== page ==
The VA funding requires similar forms that are completed differently. The Health Services, Research and Development (HSR&D) funding is one portion of the research funds in VACO. The Cleveland HSR&D process will be described. Note, the process may vary at each of the 168 medical centers. The process is determined by the Medical Center Director in consultation with the ACOSs (Associate/Assistant Chief of Staff) and incorporates the Medical Center Director’s level of acceptable risk for assorted items.

The difference with the pre-award process starts with an Intent to Submit (ITS) or a Letter of Intent (LOI) application, through the agency’s portal. This requires the research office’s official to submit the ITS/LOI. However, prior to the submission, the PI needs to obtain approval from the Research & Development Committee (R&D) to submit. To gain this approval, a research routing sheet is completed, along with two completed review forms from non-team members, abstract template, budget template, letter of support from other Services (if required), letter of support from the Community Based Outpatient Clinics (CBOCs, if utilizing these facilities), data management and access plan, and conflict of interest disclosure for all PIs. Within the VA, a service is the equivalent to a department. In turn, if the PI is utilizing other departments (i.e. medicine, laboratory services, etc.), the PI must obtain a letter of support that the department is willing to work with the PI. The support letter must include any requirement that will be imposed upon the project.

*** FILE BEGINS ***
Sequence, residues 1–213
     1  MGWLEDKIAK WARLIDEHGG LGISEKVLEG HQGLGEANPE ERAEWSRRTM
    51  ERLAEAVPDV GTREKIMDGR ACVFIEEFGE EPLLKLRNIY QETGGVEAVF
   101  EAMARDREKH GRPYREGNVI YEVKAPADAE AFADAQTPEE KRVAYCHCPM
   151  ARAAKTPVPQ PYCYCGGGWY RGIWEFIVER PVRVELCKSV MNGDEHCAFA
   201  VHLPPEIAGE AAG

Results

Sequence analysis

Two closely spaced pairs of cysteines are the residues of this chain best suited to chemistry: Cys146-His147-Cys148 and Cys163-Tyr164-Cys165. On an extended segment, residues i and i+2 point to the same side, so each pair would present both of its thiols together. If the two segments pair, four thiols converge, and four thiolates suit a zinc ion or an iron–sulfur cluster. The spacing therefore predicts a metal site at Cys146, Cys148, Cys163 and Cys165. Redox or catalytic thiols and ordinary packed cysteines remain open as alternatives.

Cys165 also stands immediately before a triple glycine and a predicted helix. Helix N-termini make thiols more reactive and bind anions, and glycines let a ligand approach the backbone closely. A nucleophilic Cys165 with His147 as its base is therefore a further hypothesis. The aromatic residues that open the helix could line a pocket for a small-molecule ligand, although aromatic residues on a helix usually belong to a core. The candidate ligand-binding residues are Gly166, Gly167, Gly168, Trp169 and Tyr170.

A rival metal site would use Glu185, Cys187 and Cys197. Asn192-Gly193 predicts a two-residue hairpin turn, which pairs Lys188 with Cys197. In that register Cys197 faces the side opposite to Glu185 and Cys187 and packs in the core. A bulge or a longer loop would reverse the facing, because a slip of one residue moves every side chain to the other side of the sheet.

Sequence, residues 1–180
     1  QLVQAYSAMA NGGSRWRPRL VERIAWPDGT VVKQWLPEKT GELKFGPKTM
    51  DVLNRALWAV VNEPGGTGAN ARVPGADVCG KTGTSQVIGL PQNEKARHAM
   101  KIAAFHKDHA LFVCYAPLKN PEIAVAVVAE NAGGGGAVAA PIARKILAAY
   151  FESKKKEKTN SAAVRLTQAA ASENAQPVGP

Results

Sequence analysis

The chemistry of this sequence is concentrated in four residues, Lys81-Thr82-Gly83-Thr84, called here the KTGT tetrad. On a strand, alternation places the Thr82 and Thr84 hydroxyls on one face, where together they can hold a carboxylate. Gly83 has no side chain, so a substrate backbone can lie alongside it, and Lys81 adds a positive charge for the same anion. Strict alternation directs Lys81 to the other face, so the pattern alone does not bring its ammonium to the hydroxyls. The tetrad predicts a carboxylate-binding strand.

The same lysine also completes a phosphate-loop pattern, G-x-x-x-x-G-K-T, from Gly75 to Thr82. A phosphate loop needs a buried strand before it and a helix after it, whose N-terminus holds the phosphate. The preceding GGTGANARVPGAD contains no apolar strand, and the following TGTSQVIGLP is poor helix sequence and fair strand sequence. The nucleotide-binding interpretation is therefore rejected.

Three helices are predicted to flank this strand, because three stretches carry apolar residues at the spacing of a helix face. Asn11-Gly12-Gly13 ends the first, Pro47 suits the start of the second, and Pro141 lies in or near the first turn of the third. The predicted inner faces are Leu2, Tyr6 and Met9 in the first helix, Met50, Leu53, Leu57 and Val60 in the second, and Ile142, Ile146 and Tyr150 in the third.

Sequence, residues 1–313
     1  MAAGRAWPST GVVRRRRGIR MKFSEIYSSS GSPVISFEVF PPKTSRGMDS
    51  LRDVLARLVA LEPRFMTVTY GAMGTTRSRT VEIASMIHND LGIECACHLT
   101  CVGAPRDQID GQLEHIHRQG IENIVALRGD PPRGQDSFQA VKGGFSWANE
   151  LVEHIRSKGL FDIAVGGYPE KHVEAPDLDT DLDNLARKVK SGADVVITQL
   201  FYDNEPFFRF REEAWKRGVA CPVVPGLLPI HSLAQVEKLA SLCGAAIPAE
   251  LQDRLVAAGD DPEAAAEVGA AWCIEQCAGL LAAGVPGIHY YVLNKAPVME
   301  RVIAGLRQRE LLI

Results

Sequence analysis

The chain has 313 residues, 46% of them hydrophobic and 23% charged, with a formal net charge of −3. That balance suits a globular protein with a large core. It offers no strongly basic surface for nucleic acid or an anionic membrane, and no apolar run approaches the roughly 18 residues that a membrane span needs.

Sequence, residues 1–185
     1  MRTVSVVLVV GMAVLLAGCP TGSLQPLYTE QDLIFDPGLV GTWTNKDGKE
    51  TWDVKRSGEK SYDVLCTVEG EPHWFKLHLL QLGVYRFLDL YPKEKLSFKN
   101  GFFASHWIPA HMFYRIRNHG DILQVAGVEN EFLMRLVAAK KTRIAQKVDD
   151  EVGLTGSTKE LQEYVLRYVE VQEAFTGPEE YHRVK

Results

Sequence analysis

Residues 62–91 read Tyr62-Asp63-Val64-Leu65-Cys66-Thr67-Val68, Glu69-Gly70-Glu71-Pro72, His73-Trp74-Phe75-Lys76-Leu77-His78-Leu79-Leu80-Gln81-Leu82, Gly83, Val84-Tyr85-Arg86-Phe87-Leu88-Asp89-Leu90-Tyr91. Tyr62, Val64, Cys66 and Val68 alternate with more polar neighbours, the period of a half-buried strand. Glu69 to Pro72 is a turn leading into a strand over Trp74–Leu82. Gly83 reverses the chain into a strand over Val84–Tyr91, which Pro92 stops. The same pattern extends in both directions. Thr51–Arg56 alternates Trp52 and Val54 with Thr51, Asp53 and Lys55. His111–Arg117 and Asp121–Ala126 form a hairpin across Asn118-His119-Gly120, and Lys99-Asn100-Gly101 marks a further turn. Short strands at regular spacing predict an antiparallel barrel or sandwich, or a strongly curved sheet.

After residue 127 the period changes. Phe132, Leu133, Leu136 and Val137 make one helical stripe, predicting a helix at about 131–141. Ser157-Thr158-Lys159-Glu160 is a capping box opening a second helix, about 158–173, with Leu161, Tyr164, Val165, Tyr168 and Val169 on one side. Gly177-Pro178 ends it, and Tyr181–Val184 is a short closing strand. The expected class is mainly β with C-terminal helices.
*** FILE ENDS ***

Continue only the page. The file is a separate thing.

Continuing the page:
All deadlines within the government are mandatory. If the information is not received by the date listed on the meeting sheet, it will not be reviewed by the committee. If it is not reviewed and approved, there will be no submission. There are no exceptions. After providing the packet for R&D review, the PI will begin the actual proposal that will be submitted to the VACO area (i.e. Health Services Research & Development) through Naturally, this process is concurrent; however, it is expected to be subsequent. The process of proposal creation is very similar to the variety of universities and medical centers where previous employment was held. The PI provides the research office the proposal and necessary forms for review and submission through